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Ecosystem-based approaches

Rotterdam.jpgGreen space in Rotterdam
Image credits: Marthe Derkzen, The nature of cities, 2017

Ecosystem-based approaches for climate change adaptation and disaster risk reduction:

  • increase resilience,
  • reduce social and environmental vulnerability,
  • generate multiple socio-economic benefits and contribute to achieve climate change adaptation objectives, but also several multi-lateral environmental agreements and sectoral policy objectives (e.g. haltering biodiversity loss, water quality or agricultural and forest management),
  • restore, maintain and improve ecosystems health,
  • enhance governance of natural resources with respect to the use of biodiversity and ecosystem services,
  • empower people and provide jobs and business opportunities.

The EU Adaptation Strategy recognises multiple benefits of ecosystem-based approaches to adaptation and recommends better incorporating this multi-functional approach into the assessment of adaptation options.

Ecosystem-based approaches include several related concepts, often based on different policy perspectives, such as Nature-based Solutions (NBS), Green Infrastructure (GI) and Blue Infrastructure, Ecosystem-based adaptation (EbA), Natural Water Retention Measures (NWRM), ecosystem-based approaches to Disaster Risk Reduction (eco-DRR).

Policy framework

The EU Biodiversity Strategy to 2020 (COM(2011) 244 final) states that ecosystems and their services should be maintained and enhanced by 2020. This will be supported by the establishment of  green infrastructure and the restoration of at least 15% of degraded ecosystems (target 2). Under this target, the action 6b sets up that the European Commission will develop a Green Infrastructure Strategy to promote the deployment of green infrastructure in the EU in urban and rural areas.

Within this framework, the Commission adopted in 2013 the Green Infrastructure Strategy “Enhancing Europe’s Natural Capital” (COM(2013) 249 final), with a direct reference to the EU Strategy on Adaptation to Climate Change to consolidate actions on green infrastructure, ecosystem-based approaches to adaptation and disaster risk reduction.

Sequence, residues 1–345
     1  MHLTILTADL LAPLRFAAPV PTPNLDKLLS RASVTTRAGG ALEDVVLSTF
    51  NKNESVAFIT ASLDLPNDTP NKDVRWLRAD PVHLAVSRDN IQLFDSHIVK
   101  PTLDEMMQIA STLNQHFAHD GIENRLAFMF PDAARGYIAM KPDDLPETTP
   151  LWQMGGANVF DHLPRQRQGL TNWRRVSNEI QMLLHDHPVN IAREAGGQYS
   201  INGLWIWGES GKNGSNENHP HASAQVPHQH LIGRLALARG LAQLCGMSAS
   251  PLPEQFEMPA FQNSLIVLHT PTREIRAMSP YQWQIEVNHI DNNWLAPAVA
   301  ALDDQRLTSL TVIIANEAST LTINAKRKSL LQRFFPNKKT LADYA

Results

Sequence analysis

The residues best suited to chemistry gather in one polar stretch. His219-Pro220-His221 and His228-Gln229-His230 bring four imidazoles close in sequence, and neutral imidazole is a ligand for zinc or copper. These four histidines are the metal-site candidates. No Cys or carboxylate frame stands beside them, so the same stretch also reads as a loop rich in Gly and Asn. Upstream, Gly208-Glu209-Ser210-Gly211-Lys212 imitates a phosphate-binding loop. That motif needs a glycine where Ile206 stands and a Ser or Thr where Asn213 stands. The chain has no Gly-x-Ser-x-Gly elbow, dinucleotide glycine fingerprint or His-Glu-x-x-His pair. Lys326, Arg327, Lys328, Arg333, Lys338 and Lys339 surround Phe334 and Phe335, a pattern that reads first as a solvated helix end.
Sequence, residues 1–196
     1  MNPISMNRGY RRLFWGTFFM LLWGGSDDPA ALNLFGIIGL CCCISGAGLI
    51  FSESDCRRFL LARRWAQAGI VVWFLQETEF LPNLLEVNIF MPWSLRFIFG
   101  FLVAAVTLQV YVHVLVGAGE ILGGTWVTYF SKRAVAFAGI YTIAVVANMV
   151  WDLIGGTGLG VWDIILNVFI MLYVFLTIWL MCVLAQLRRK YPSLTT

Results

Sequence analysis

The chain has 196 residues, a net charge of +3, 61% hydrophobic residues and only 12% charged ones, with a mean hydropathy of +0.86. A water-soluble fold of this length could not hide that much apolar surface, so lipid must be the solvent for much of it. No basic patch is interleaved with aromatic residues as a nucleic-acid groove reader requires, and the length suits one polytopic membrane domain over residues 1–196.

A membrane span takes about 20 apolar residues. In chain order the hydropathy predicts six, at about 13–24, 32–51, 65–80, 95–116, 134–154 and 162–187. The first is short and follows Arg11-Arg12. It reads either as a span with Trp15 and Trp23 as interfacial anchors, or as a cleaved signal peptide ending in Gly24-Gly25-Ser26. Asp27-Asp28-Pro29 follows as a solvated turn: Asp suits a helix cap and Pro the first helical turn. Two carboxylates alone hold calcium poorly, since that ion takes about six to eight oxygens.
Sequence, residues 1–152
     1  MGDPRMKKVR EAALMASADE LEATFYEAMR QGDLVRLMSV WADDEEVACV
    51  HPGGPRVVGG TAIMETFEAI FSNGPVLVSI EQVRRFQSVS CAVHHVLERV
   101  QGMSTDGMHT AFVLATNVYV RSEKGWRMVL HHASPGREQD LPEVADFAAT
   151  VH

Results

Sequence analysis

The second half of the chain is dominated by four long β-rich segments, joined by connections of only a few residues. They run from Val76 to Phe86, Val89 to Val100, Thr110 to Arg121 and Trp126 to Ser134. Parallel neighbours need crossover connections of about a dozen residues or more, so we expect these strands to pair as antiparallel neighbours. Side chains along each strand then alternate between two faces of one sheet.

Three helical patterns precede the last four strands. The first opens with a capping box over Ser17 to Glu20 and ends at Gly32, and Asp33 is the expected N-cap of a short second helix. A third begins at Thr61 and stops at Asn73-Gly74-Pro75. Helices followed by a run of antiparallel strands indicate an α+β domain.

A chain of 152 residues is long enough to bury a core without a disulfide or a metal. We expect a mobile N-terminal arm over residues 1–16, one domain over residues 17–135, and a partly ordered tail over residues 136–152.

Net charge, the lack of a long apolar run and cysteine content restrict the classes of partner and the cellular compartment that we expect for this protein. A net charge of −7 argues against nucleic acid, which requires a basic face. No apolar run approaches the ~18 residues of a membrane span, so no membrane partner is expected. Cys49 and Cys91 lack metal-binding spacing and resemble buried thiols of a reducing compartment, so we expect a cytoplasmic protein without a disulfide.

In 2019, the EC published two guidance documents to help planners, policymakers and businesses address socio-economic challenges, while also protecting and restoring Europe's nature:

  1. the EU Guidance document on a strategic framework for further supporting the deployment of EU-level green and blue infrastructure SWD(2019) 193 final, which fosters a more strategic and integrated approach for investments in EU-level GI projects and also provides information on existing funding sources. The accompanying Joint Science for Policy Report by the Joint Research Centre (JRC), the European Environment Agency (EEA), the European Topic Centre on Urban, Land, and Soil Systems (ETC/ULS) and the DG Environment of the EC presents Geospatial methods, data and tools to support strategic green infrastructure and ecosystem restoration.
  2. the EU Guidance document on integrating ecosystems and their services in decision-making, which shows the wide range of benefits from nature to people, and possible ways to take better account of these benefits in policy, planning and business investment decisions. This documents consist of three documents: Part1, Part2, Part3.

Finally, these new guidance documents are complemented by an overview and progress report of Natural Capital Accounting in the European Union.

The Action Plan for nature, people and the economy is to improve the implementation of the Birds and Habitats Directives and boost their contribution towards reaching the EU's biodiversity targets for 2020. It also includes an action (number 12) concerns Green Infrastructure and provides two objectives: (a) Provide guidance to support the deployment of green infrastructure for better connectivity of Natura 2000 areas;(b) Support nature-based solutions projects through EU research and innovation policy and Horizon 2020 funds.

In addition, other EU polices are catalising the development of ecosystem-based approaches and green infrastructure: under the Water Framework Directive (for example, re-establishing the migration corridors for migratory fish species, ensuring ecological flows and reconnecting and restoring the aquatic habitats) and under the Floods Directive (for example, promoting floodplain restoration, implementing the  concept of more space for the rivers and water retention measures).  Via the respective Management Plans under these two Directives (River Basin Management Plans and Flood Risk Management Plans), Member States are often developing and implementing green or blue infrastructure measures. Disaster risk management policies are also, in synergy with climate change adaptation, increasingly taking on board ecosystem based approaches to reduce risk and increase resilience against hazards.

On the other hand, the EU Strategy on Adaptation to Climate Change (COM(2013) 216 final) acknowledges the potential effects of climate change on the ecosystems and their services, and encourages ecosystem-based approaches to adaptation and green infrastructure. The Evaluation of the 2013 EU Strategy on Adaptation to Climate Change (2018) shows a substantial increase in the knowledge base for adaptation. Nevertheless new knowledge gaps have emerged in some sectors, including ecosystem-based adaptation. Furthermore, the current Evaluation discusses the need for additional guidance on ecosystem-based adaptation, including guidance on the mobilisation of ecosystem-based approaches to adaptation of infrastructure (Action 7 of the Strategy).